Massachusetts home inspections

Purchasing a home is one of the biggest financial decisions you’ll make in your life. Before signing on the dotted line and committing to a property, it’s essential to have a professional home inspection performed. This will help identify any issues or defects with the home that could affect your decision or need to be addressed before moving in.

If you’re buying a home in Massachusetts, there are some important things to keep in mind regarding Massachusetts home inspections in the state. Here is an essential checklist to ensure you get the most out of your Massachusetts home inspection:

Choose a Licensed Home Inspector

In Massachusetts, home inspectors must be licensed by the state. There are two license types:

  • Home Inspector License – Can inspect all aspects of the property. This is the most comprehensive license.
  • Associate Home Inspector License – Can inspect structural and mechanical systems. Must work under a licensed home inspector.

When selecting a home inspector, make sure they have an active license in Massachusetts. You can verify this by checking the license lookup on the Division of Professional Licensure website.

Choosing a locally licensed inspector is important because they will be familiar with Massachusetts building codes and common issues in local homes. Their report will be tailored to these factors.

Look for an inspector with CMI (Certified Master Inspector) certification. This involves extensive training and testing to ensure advanced expertise.

Understand the Inspection Standards

Massachusetts requires home inspectors to follow the Standards of Practice laid out by the American Society of Home Inspectors (ASHI) or other industry standards approved by the state.

The ASHI Standards define the scope of a home inspection in detail, including what aspects are examined (e.g. roof, plumbing, electric) and limitations of the inspection.

Make sure to read through these standards so you understand exactly what will be covered in your inspection report. The inspector should also walk you through the standards at the inspection.

Key aspects they must inspect include structural components, electrical, HVAC, insulation, plumbing, and the home’s exterior. The scope is quite comprehensive.

Interview Potential Inspectors Thoroughly

Don’t just choose the first home inspector you come across. Take the time to thoroughly interview at least three inspectors before deciding.

Important questions to ask:

  • How long have you been a licensed home inspector in Massachusetts? Look for 5+ years experience.
  • How many inspections have you completed in Massachusetts? Look for 200+ (full time inspectors typically complete 150-300 per year).
  • What does your inspection process involve? Do you use a checklist? What tools do you use? Look for a systematic, thorough process.
  • How long will the inspection take? Typically 2-3 hours or more for a single family home.
  • How soon after the inspection will I receive the report? 1-2 days is standard.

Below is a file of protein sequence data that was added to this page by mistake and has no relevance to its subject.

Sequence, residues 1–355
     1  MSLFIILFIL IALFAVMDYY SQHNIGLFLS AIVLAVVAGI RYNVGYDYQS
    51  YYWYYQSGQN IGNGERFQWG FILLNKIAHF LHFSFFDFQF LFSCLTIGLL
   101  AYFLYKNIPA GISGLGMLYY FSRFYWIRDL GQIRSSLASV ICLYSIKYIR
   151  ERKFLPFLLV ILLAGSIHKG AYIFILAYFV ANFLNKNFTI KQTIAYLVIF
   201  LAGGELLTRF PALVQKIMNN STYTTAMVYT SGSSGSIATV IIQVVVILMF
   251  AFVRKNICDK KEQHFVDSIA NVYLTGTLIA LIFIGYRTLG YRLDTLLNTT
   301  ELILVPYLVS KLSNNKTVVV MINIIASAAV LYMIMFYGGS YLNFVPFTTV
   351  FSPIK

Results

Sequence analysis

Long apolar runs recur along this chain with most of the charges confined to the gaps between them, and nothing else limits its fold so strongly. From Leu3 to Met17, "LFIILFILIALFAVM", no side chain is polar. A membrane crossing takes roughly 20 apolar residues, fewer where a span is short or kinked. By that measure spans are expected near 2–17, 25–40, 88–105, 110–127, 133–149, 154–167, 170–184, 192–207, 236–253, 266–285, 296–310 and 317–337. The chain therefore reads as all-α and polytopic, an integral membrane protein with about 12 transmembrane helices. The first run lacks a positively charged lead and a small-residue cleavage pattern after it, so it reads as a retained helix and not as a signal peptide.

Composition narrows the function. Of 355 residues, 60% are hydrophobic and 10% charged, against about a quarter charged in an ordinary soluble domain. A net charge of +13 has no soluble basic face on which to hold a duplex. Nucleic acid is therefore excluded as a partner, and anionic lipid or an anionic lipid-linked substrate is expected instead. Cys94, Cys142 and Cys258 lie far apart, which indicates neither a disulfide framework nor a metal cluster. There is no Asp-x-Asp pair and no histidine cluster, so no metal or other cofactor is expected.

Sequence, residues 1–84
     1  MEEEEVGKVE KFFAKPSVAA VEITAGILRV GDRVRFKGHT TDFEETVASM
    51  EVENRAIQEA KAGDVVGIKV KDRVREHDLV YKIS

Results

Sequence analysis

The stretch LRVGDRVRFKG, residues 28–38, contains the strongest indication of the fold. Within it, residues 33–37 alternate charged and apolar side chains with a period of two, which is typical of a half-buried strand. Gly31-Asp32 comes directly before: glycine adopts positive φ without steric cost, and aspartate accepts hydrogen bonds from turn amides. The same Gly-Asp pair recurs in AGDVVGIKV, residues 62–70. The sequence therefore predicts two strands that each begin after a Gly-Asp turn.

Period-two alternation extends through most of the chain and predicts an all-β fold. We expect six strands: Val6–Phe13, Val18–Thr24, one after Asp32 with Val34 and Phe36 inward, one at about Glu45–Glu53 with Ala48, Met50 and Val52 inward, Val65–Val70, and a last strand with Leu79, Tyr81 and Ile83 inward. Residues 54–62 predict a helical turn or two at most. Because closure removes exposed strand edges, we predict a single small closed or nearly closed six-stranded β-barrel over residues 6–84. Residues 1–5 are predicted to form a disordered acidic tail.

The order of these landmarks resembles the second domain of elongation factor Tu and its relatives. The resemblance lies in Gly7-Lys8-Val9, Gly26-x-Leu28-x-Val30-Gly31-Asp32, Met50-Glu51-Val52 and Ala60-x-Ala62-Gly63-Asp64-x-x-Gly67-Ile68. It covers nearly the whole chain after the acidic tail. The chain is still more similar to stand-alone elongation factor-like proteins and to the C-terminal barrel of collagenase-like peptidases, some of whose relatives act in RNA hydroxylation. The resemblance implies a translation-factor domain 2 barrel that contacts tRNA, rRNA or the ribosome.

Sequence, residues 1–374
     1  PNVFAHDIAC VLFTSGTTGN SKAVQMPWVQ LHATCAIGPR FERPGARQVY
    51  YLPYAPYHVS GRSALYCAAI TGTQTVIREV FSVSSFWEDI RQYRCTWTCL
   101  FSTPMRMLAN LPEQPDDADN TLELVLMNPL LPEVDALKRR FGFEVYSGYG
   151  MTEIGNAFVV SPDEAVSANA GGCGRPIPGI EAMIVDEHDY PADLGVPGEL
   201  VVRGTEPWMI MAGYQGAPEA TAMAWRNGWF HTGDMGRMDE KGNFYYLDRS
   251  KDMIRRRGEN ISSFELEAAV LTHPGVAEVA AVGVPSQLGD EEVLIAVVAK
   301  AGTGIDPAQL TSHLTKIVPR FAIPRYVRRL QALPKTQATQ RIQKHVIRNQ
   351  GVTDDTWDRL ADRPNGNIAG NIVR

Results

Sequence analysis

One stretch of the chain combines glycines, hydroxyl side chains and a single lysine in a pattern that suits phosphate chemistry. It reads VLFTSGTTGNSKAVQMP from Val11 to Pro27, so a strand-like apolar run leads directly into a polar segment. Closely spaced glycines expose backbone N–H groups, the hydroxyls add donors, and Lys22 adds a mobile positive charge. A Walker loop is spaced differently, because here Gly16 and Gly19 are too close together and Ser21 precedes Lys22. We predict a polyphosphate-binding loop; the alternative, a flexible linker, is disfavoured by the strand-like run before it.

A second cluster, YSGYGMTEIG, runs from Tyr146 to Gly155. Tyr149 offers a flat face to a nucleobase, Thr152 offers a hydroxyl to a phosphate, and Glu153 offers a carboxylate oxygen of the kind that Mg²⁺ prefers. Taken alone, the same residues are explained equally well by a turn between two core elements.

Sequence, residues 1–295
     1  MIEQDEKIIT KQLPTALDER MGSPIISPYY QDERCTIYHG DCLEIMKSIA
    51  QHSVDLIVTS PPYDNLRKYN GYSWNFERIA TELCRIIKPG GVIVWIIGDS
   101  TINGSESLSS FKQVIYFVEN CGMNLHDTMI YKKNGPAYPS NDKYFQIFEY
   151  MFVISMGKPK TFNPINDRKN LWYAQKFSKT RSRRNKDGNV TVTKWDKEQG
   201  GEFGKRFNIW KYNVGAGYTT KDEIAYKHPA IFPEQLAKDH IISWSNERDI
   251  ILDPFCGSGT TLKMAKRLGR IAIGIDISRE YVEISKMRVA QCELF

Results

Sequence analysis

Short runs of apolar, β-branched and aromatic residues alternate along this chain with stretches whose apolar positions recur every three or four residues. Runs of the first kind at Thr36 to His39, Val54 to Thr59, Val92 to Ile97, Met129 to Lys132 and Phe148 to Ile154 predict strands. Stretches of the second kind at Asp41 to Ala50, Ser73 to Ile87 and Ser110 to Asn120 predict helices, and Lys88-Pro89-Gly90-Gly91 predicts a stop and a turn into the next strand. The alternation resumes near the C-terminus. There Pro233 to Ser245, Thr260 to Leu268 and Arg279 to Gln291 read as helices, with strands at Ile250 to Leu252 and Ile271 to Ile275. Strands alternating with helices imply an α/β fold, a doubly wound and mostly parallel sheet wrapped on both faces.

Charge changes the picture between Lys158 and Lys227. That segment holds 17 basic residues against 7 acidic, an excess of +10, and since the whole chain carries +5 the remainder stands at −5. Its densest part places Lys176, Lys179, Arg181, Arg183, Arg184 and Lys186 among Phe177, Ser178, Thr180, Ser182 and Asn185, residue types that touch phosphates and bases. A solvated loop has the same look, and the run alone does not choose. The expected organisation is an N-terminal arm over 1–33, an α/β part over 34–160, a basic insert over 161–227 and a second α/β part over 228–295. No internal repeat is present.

• What is included in your inspection report? Look for 100+ page reports with photos and detailed descriptions.
  • Do you offer to do repairs or improvements based on the inspection? If yes, move on. Inspectors should only inspect.
  • Do you have references from past clients? Reputable inspectors should.

Don’t hesitate to contact their past clients to ask if they were satisfied with the inspection. Peer reviews are very telling.

Agree on an Inspection Timeframe

In Massachusetts home inspections are usually done after your offer is accepted but before closing. This allows time to address any major issues found.

Coordinate with the real estate agents to determine optimal timing. For example, too early in the process you may not have access, but too late you lose negotiation leverage.

Most buyers aim for 2-3 weeks before closing to leave enough time for repairs or credits based on inspection findings. But determine what works best for your specific transaction timeline.

Also keep in mind the home inspector’s schedule. Give them at least 5-7 days advance notice to get your inspection booked. Avoid delays by scheduling early.

Be Present for the Inspection

As the buyer, you should absolutely be present for the entire home inspection if possible. This allows you to:

  • Ask the inspector questions in real-time as they are assessing the property.
  • Point out any areas of concern you’ve noticed to ensure they look at them.
  • Learn more about the home and how its systems function.
  • Get a feel for the inspector’s thoroughness and attention to detail.

If attending in person, follow the inspector closely but give them space to work. Don’t interrupt constantly. Save questions for after each area is assessed.

If unable to attend, ask if the inspection can be live-streamed or recorded so you can watch remotely. Some inspectors offer this service.

Don’t Make Demands for What to Inspect

Let the home inspector lead the process and inspect based on the ASHI standards and their expertise. As the client, avoid demanding they inspect arbitrary things you fixate on. This detracts the inspector from their systematic process.

However, do point out existing areas of concern, such as a dark moisture spot or cracked foundation. Just don’t dictate what they should look at room by room. Trust their standards and methodology.

The inspector may miss some very minor issues just due to the limited time and scope of a normal inspection. But they should catch all major red flags.

Review the Inspection Report Thoroughly

The inspection report is even more important than the verbal feedback. Set aside adequate time to review the entire report (100+ pages) line by line.

Look for patterns of related issues as these may indicate larger underlying problems. Study the photos of concerning defects carefully.

If any sections are unclear or ambiguous, contact the inspector for clarification right away. It’s much easier to interpret issues while the inspection is still fresh in their mind.